NBA draft history has seen a running theme of undervalued international prospects. The reason for international devaluation is sometimes unjustified. For instance, NBA scouts' over-concern about certain developing guards' sizes, athleticism and shooting have caused them to overlook these players' immense basketball IQs, creativity and defensive tenacity.
Future Hall of Famers Manu Ginobili (57th pick, 1999) and Tony Parker (28th pick, 2001—which boasted one of the weakest first round fields ever) received excessive flak for lacking athleticism and shooting ability at very young ages.
Goran Dragic (45th, 2008) was considered too slight to play at the NBA level. This summer, Dragic is the second-best pure point guard on the free-agent market behind Deron Williams.
In this year's draft, there are two European guards in particular who are just begging to let international devaluation history repeat itself. One is Evan Fourier, a 6"6', 190-lb. shooting guard from the Union Poitiers Basket 86 (France).
The 20-year-old has an offensive game that has been touted as powerful, smooth and intelligent. These are highly unique attributes in the NBA. Furthermore, Fourier is one of those rare guards that can first sniff out a high number of offensive rebounds, and then turn them into quick assists under the rim.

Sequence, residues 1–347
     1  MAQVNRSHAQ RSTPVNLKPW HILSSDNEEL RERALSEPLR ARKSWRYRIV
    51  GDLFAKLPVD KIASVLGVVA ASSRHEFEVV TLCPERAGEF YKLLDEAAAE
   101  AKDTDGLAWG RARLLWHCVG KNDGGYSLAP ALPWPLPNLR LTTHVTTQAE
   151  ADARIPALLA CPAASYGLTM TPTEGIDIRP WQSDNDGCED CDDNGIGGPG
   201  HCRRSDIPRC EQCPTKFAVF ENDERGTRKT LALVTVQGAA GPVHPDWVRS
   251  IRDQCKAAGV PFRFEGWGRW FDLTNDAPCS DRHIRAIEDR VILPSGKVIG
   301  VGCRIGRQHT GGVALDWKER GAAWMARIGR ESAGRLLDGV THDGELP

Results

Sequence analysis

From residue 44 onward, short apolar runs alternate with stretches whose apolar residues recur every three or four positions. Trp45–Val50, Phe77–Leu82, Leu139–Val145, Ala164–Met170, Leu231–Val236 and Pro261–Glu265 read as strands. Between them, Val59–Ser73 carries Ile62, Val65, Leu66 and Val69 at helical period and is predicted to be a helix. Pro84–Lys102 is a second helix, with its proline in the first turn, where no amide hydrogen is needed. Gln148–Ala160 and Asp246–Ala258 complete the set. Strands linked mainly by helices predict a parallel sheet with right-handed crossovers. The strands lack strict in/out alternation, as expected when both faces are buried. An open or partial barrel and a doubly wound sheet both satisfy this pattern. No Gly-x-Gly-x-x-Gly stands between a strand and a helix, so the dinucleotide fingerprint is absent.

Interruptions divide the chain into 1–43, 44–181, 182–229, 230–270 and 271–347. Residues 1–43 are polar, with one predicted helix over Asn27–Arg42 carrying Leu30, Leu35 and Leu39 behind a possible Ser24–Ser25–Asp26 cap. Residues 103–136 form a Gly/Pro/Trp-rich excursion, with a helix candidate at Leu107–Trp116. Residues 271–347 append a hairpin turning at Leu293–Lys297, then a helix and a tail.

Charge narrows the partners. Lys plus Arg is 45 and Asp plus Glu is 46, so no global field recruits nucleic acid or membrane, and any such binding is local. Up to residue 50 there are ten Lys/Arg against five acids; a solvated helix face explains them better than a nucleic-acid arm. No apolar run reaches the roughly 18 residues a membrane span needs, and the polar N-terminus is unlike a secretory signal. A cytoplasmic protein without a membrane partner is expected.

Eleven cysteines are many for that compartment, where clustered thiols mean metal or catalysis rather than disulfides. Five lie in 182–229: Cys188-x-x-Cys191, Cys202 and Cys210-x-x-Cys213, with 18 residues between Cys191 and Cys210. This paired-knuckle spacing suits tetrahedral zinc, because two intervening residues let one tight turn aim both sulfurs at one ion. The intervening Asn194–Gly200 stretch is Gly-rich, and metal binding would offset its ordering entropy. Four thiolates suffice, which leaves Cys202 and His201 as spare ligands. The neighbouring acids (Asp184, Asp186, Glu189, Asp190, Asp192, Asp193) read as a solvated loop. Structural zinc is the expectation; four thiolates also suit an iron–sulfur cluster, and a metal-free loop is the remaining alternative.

Because Fourier is deemed to lack shooting confidence and a developed three-point shot, he's being undervalued. These qualities may very well come in time. What is certain is that Fourier already has the more rare attributes to become a versatile NBA combo guard.
He'll be a steal in the second round.
The other undervalued Euro is point guard Josep Franch, who right now may not even be drafted later this June. Franch has been heralded as a classic pure point with terrific court vision and handles well-suited for an up-tempo offense, but also effective in half-court sets as well.
However, what has severely stigmatized Franch's draft status is his current inability to hit jumpers, his lack of athleticism and lack of size. Even given these concerns, some of which will be addressed naturally over time (size), Franch is an NBA rarity: a pure, pass-first point guard.
As Rajon Rondo, Jason Kidd or Ricky Rubio have indicated, lack of shooting ability or athleticism are not massive detriments toward being an effective pure point. Court vision, handles, intelligence and creativity are the key factors.
It would behoove several teams to look past the typical scout concerns with regard to Franch and take a risk at acquiring the next great surprise of the 2012 NBA draft.
Like the new article format? Send us feedback!